“I buried my head in my hands, weeping. You know, the heaving kind where you struggle to catch your breath as snot pours out of your nose,” she wrote.

“I knew Joey had physically found my beloved ring, but he was just the hands and feet of Jesus in that moment,” Courtney wrote. “This had not just happened, the one-in-a-million chance realized. This was the work of a loving Heavenly Father who cares for a broken, sinner like me and went to dramatic lengths to encourage me to lean not on my own understanding.

“The soft words resonated once again, ‘Trust me, my child, I got this.’ she wrote.

Deeply involved with her family at Creekside Church, a Methodist church in Cumming, Courtney said she believes the miracle does not alone lie in the fact that her prayer was answered.

“I’m sensitive to the fact that others have prayed similar prayers with much higher stakes and had a different outcome. If you’re one of those people, I don’t know why bad things happen, but my heart goes out to you,” she wrote.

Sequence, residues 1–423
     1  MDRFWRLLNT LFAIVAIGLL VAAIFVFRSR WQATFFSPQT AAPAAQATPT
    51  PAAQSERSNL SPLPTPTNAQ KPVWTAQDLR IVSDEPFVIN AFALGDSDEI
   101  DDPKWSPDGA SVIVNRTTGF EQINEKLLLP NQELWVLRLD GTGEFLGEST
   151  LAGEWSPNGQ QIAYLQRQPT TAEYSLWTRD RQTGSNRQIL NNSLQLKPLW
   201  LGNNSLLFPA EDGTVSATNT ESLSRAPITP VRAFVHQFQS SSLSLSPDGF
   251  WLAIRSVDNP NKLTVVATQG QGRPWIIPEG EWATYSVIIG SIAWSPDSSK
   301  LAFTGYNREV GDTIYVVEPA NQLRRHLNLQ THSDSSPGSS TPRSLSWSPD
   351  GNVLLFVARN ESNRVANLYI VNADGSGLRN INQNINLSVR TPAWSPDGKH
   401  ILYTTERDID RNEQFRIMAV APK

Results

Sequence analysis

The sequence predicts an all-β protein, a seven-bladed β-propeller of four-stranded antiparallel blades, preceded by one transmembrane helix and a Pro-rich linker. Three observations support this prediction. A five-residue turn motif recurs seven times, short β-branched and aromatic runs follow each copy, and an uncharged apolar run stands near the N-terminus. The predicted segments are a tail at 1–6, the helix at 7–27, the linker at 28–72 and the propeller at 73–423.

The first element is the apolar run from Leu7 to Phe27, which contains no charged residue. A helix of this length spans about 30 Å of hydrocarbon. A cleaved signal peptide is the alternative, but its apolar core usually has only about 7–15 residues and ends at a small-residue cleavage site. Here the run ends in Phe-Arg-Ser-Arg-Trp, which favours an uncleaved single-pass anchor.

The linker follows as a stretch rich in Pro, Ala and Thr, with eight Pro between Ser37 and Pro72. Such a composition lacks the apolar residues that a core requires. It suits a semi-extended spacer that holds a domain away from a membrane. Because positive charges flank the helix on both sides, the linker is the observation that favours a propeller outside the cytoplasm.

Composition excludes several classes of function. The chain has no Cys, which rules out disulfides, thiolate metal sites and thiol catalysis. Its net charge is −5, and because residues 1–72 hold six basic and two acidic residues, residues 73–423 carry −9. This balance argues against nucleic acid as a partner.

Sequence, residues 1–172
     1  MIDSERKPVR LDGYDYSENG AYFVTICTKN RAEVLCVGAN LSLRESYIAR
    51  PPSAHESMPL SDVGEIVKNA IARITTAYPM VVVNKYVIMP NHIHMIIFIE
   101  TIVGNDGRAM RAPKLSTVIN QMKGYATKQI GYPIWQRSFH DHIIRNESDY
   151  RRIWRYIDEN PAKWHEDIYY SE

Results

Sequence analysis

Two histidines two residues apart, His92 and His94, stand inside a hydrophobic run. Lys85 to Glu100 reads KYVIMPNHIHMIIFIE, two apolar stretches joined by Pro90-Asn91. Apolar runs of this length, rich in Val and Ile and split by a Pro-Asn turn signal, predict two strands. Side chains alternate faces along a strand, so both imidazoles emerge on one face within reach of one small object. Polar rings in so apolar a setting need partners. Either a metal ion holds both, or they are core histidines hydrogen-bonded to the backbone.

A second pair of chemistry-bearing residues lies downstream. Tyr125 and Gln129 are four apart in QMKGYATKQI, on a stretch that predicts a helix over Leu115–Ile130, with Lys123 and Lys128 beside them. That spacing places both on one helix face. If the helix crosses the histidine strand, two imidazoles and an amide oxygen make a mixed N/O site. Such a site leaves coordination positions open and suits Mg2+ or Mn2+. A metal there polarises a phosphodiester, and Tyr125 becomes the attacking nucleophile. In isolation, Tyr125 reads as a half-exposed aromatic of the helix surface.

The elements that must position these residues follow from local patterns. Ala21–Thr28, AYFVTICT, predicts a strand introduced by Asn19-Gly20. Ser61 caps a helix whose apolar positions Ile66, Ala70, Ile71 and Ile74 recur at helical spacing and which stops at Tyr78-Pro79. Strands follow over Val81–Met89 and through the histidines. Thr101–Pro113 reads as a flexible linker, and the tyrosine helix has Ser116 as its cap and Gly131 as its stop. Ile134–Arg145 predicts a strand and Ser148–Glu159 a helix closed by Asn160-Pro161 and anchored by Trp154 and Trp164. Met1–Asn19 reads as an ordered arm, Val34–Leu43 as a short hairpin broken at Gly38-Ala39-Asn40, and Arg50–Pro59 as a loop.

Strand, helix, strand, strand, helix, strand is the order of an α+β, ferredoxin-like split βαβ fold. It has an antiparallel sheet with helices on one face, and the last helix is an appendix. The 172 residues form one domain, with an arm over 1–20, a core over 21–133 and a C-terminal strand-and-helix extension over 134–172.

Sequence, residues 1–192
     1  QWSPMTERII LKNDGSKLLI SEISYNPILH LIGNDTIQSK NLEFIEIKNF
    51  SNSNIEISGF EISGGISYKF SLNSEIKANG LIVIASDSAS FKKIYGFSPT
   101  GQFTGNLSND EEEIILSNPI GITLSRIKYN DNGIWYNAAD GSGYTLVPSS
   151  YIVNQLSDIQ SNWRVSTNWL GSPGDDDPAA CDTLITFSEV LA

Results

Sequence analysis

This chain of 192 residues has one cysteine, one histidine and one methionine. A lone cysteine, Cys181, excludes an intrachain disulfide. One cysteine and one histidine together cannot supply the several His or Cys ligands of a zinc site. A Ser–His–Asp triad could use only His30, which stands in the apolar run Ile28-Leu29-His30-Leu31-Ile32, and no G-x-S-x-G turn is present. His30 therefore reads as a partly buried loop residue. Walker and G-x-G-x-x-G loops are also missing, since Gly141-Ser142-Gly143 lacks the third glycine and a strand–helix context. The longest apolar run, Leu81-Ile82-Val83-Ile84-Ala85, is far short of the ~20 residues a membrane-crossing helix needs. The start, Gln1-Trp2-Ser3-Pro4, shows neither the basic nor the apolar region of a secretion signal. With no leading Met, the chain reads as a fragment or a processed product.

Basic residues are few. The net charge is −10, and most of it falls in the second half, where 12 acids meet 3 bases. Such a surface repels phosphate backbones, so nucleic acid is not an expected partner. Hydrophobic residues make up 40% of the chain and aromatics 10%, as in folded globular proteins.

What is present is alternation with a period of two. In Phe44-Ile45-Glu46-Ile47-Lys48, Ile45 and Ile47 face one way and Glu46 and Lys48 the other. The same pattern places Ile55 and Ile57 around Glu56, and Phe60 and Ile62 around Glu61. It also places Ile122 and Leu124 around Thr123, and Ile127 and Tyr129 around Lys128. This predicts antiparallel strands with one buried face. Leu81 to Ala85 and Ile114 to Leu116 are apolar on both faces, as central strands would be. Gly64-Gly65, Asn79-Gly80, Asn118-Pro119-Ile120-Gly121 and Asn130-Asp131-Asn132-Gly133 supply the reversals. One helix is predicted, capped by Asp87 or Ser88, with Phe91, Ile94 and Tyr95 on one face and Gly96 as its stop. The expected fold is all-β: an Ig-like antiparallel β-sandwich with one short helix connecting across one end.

“I did not want people to feel discouraged.” she wrote. “Our God is a God of miracles and cares about the little details of our lives, like something as insignificant as a wedding ring. He wants nothing more than our whole hearts and for us to trust in Him always – to fully surrender to his good and perfect plan.”

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Meet the Editor

David Adlerstein, The Apalachicola Times’ digital editor, started with the news outlet in January 2002 as a reporter.

Prior to then, David Adlerstein began as a newspaperman with a small Boston weekly, after graduating magna cum laude from Brandeis University in Waltham, Massachusetts. He later edited the weekly Bellville Times, and as business reporter for the daily Marion Star, both not far from his hometown of Columbus, Ohio.

In 1995, he moved to South Florida, and worked as a business reporter and editor of Medical Business newspaper. In Jan. 2002, he began with the Apalachicola Times, first as reporter and later as editor, and in Oct. 2020, also began editing the Port St. Joe Star.

Wendy Weitzel The Star Digital Editor